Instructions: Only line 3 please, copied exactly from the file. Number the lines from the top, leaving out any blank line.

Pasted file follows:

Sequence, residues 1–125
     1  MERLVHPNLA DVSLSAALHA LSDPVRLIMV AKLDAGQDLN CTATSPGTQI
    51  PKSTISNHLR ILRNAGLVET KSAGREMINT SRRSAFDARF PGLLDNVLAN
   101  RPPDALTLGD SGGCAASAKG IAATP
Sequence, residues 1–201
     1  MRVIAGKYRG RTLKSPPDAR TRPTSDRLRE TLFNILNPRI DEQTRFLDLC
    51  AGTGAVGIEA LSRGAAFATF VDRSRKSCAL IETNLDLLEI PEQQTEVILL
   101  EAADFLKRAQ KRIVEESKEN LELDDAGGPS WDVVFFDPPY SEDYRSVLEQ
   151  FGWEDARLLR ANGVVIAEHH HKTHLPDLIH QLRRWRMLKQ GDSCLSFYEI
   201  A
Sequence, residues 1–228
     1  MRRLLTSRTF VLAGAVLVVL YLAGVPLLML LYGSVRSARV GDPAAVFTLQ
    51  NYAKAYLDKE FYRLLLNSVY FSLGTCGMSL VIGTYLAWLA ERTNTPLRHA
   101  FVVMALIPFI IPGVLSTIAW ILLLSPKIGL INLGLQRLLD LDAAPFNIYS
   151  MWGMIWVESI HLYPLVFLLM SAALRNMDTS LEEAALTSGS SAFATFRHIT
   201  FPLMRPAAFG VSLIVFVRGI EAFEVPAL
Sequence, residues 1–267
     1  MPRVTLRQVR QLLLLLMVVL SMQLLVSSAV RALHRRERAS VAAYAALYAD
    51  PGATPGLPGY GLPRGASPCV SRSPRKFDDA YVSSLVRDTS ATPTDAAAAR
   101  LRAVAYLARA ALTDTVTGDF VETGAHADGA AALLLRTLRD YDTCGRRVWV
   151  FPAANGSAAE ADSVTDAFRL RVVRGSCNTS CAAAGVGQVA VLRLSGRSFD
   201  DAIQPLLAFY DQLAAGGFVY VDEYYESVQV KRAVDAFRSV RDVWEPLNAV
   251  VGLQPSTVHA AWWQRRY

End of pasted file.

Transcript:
    51  PKSTISNHLR ILRNAGLVET KSAGREMINT SRRSAFDARF PGLLDNVLAN